Call to unite over Labour pains
Acting Labour leader Harriet Harman and the boss of Britain's biggest union have sought to calm a row over the future of the party following its disastrous general election result.
Unite's general secretary Len McCluskey, who has been involved in a bitter war of words with outgoing Scottish Labour leader Jim Murphy, said he would not support any move to disaffiliate from Labour and backed the party to "rise like a phoenix" from the ashes of its defeat.
Ms Harman, who said Ed Miliband's replacement at the head of Labour must appeal to the whole country rather than just the party faithful, insisted that although the role of the unions in deciding the next leader had changed there would be no break with Unite.
Debates about the historic link between the party and the unions have been raging since Mr Miliband steered through reforms last year.
Unions gave Labour the bulk of the money the party raised for the general election campaign.
Sources told the Press Association that Labour raised £12 million in its unsuccessful attempt to win power, with £9 million coming from the unions.
The amount shows how reliant Labour is for money from the trade unions, backing up the belief that the party would otherwise go bankrupt.
Trade union conferences in the coming months are sure to discuss the relationship with Labour and there are likely to be the usual calls for a re-think of the link.
But Mr McCluskey insisted: "We have no plans to disaffiliate from Labour. The party has never been more united."
He added that everyone now agreed it was time to debate Labour's future but he believed there was an "exciting opportunity" for the party.
Divisions over the future of the Labour movement after the election became clear as Mr Murphy declared he was resigning as Scottish leader and delivered a stinging parting shot at Mr McCluskey, describing his support as a political "kiss of death" for the party.
Ms Harman was challenged about the row by journalists at Labour's headquarters in London and appealed for "cool heads".
In response to Mr Murphy's attack on Mr McCluskey, Ms Harman said: "We have had a bitter defeat, we have had a thumping in Scotland. It would be very surprising if some people didn't, from time to time, express an exasperation and frustration and anger."
Insisting that the union link would remain, she said : "I don't think there is going to be a break between Unite or any of the unions that are affiliated to the Labour Party.
"We have had a lot of soul searching to do across all parts of our party and we will have robust discussions. But, no, I don't think there is going to be a disaffiliation."
The unions played a key role in Mr Miliband's election as Labour leader under the old electoral college system which gave them a third of the votes.
Ms Harman stressed that the influence of the unions over the decision on leadership had been altered by the move to a "one person, one vote" electoral system.
The next Labour leader will be elected on September 12, and Ms Harman said the contest should involve a series of "robust, tough, televised hustings which involve the public" with events in battleground areas the party had failed to win.
"Above all, we will let the public in and elect a leader who can lead not just the party but the whole country," she said.
Ms Harman criticised the "cosy" deputy leadership contest which led to her victory.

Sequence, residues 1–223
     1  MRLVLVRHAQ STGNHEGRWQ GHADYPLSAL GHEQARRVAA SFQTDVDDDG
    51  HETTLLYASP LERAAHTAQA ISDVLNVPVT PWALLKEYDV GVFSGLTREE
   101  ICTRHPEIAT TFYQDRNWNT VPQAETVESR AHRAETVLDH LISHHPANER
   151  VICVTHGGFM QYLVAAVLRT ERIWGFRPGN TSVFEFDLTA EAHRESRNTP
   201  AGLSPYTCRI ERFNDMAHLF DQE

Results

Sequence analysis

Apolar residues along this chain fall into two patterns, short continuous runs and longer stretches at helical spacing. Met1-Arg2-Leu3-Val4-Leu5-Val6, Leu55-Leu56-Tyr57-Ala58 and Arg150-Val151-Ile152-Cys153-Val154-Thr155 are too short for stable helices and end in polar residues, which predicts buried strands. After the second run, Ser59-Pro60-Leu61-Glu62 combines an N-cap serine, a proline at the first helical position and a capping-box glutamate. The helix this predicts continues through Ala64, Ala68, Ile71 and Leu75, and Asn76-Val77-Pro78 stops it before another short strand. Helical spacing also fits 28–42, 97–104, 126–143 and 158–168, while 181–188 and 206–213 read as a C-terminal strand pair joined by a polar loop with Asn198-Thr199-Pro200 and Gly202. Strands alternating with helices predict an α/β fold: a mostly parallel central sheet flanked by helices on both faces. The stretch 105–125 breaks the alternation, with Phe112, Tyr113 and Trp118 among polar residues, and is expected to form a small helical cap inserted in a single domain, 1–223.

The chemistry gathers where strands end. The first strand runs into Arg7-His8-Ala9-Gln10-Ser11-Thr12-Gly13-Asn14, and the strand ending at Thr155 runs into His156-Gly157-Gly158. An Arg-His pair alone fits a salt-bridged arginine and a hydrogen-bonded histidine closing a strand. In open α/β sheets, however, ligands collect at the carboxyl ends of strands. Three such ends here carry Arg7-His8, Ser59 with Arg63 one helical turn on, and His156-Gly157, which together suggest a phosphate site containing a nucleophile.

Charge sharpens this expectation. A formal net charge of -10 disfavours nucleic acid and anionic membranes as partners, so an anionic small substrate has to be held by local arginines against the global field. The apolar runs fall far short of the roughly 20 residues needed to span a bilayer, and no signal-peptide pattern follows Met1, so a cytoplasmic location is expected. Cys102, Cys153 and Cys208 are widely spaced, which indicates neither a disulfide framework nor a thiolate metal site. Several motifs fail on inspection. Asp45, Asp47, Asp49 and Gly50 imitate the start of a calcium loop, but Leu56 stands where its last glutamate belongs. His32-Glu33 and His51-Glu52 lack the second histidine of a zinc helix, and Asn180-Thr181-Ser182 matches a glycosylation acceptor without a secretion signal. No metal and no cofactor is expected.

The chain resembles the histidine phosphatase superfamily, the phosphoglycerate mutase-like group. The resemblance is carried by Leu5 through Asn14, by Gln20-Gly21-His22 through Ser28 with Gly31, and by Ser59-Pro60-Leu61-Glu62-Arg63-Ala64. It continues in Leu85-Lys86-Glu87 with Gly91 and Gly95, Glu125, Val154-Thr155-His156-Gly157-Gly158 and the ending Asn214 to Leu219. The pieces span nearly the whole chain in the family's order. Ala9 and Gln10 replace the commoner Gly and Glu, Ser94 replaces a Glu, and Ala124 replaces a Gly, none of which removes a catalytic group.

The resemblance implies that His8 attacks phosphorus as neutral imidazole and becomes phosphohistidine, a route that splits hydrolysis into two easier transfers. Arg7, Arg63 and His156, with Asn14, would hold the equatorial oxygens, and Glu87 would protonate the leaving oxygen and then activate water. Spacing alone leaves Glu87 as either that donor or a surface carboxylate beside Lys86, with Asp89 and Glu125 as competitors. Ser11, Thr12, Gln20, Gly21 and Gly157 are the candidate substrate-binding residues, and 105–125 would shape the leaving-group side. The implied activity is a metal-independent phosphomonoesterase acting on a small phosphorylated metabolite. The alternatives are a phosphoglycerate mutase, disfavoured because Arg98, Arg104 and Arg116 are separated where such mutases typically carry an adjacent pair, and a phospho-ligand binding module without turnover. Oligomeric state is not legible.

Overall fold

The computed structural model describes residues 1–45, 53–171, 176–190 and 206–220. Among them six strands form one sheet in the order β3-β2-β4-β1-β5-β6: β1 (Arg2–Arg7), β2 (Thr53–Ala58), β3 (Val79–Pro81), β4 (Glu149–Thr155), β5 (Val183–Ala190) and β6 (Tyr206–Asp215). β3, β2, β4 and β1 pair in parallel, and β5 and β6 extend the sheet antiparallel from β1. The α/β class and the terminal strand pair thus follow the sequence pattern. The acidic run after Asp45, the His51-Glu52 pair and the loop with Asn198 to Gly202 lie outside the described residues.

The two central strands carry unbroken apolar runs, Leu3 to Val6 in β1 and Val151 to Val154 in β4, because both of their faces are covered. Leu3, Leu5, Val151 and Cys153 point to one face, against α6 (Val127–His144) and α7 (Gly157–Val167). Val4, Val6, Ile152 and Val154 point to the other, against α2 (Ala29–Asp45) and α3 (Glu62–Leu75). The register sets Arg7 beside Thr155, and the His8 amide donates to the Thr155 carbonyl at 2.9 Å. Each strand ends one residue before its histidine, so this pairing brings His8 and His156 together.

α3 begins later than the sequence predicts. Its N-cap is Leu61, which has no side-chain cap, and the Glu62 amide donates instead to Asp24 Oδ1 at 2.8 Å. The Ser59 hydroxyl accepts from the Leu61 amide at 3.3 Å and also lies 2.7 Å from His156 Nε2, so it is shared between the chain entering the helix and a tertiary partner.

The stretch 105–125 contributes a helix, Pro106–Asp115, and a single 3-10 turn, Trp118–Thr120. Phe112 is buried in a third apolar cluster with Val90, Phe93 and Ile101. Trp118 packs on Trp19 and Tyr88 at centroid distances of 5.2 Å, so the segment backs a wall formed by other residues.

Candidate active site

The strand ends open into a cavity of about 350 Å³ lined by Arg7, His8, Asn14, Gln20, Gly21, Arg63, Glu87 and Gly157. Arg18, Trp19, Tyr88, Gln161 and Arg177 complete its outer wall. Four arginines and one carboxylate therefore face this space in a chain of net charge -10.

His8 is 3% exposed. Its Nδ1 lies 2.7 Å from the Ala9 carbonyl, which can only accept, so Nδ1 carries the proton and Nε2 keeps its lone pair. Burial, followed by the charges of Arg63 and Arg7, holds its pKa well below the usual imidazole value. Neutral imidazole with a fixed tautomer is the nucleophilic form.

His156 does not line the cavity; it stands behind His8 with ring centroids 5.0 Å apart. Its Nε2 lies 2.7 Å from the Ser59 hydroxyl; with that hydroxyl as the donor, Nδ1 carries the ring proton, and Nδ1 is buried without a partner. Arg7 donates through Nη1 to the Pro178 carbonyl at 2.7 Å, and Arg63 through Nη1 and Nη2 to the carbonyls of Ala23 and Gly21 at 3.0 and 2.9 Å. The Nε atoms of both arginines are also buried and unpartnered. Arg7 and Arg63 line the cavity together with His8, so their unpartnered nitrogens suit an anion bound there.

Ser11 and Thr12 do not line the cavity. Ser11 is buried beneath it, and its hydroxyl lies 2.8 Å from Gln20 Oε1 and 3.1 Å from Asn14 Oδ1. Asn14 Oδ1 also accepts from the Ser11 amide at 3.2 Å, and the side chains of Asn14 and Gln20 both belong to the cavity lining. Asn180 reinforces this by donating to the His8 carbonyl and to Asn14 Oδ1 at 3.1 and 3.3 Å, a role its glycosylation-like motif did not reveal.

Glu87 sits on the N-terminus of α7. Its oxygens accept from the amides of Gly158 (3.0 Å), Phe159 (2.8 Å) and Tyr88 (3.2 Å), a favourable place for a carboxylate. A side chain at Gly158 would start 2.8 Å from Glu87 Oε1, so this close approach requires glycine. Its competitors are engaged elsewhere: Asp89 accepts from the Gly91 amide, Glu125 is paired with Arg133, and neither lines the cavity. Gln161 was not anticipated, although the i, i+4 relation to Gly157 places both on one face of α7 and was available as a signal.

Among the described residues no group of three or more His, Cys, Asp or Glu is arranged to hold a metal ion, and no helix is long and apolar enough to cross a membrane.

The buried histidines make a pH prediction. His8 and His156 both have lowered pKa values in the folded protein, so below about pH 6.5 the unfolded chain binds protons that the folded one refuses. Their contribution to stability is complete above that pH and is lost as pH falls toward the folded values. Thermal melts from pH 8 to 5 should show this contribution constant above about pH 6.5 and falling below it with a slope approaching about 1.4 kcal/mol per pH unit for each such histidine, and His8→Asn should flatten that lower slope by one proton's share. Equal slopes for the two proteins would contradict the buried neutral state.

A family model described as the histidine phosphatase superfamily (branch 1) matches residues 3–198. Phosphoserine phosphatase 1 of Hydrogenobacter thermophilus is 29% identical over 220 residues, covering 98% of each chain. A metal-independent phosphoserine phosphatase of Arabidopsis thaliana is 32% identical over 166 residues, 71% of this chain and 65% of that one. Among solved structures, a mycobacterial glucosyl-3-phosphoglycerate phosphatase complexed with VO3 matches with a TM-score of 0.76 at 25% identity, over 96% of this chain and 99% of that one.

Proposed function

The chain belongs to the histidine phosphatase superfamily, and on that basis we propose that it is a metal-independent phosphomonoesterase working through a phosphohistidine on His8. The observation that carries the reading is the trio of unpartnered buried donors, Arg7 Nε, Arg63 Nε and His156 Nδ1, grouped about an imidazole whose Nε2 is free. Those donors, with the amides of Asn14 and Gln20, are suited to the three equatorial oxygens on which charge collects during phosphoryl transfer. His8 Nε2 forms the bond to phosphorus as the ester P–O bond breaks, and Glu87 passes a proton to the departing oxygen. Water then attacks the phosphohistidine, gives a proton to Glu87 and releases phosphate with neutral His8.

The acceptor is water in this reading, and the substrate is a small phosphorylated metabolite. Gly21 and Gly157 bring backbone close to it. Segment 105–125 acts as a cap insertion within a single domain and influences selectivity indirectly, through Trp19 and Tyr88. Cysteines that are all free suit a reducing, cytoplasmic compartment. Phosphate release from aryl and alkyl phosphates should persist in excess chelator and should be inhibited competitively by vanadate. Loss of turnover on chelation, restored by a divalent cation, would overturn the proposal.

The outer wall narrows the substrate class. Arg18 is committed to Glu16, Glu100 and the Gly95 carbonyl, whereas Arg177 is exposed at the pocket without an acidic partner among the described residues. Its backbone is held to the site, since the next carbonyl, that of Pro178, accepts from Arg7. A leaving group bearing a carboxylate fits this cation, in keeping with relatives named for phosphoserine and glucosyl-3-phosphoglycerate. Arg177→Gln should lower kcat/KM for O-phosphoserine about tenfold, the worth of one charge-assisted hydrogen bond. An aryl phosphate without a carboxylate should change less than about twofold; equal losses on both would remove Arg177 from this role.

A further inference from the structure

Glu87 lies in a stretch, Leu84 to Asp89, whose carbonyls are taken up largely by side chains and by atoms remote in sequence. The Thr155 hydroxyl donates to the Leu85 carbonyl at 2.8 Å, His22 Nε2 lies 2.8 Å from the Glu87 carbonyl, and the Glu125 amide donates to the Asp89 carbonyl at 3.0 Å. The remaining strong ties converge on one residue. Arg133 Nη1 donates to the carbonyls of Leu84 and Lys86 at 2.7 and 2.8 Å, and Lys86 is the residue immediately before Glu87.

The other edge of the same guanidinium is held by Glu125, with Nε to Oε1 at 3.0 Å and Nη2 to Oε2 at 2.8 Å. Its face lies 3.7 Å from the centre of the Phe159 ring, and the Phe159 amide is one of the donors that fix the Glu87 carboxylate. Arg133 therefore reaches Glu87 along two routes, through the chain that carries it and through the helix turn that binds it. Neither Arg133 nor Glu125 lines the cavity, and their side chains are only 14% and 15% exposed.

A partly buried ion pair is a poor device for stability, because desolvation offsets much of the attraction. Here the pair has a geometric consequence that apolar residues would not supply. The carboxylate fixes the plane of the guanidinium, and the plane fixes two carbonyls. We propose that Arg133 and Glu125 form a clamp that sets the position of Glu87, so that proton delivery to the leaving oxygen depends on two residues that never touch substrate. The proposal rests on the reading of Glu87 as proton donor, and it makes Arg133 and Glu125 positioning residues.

"We asked ourselves 'Who do we like?'. That was the wrong question. We should have asked - as we made our choice - 'Who does the country like?'.
Promising a more open contest than the one which led to Mr Miliband's victory, she said: "I f there is one thought that should drive the thinking as we elect a new leadership team, it is this: which of them has the best qualities and leadership skills most likely to win over the support of the public?
"Not the politically-obsessed public, the people like us, but the people who most of the time are busy getting on with their lives, not thinking about politics."
Under the new leadership election rules, party members, members of affiliated unions and societies, and a new category of "registered supporters" who pay £3 will each have a single vote on Mr Miliband's replacement.
So far, Andy Burnham, Yvette Cooper, Mary Creagh and Liz Kendall have declared their intention to run for the leadership.
Labour veteran Frank Field said the party should stop taking money from the trade unions.
He told BBC Radio 4's World At One the next leader should have a "new conversation with the trade unions", setting challenges for them on issues like the living wage and productivity to " give them a constructive agenda and get away from this agenda which makes them look as though they are bullying the Labour Party".
Mr Burnham's campaign was given a boost by the public endorsement of Dan Jarvis - the ex-Para turned Labour MP who was seen as a leading contender for the top job before ruling himself out for family reasons.
The Barnsley Central MP said he believed the shadow health secretary had shown himself to have the qualities to become the " unifying leader with the broad appeal to win those people back" whose support the party had lost.
"I've served under many leaders in my life and I never got to choose them when I served in the Army. I'm choosing to support Andy Burnham because I'm convinced he has the strength, experience and character needed to bring our party together and restore Labour's connection with the British people," he wrote in the Daily Mirror.
"His journey from humble roots to the Cabinet speaks to the sense of ambition Labour should have for every child."
He lauded Mr Burnham for confronting the lack of public faith in Labour's ability to run the economy and for calling on David Cameron to " deliver credible immigration reforms".
"Labour will win again when we speak for Britain. We face a long and difficult road back. Electing Andy Burnham to lead us on that journey should be our first step."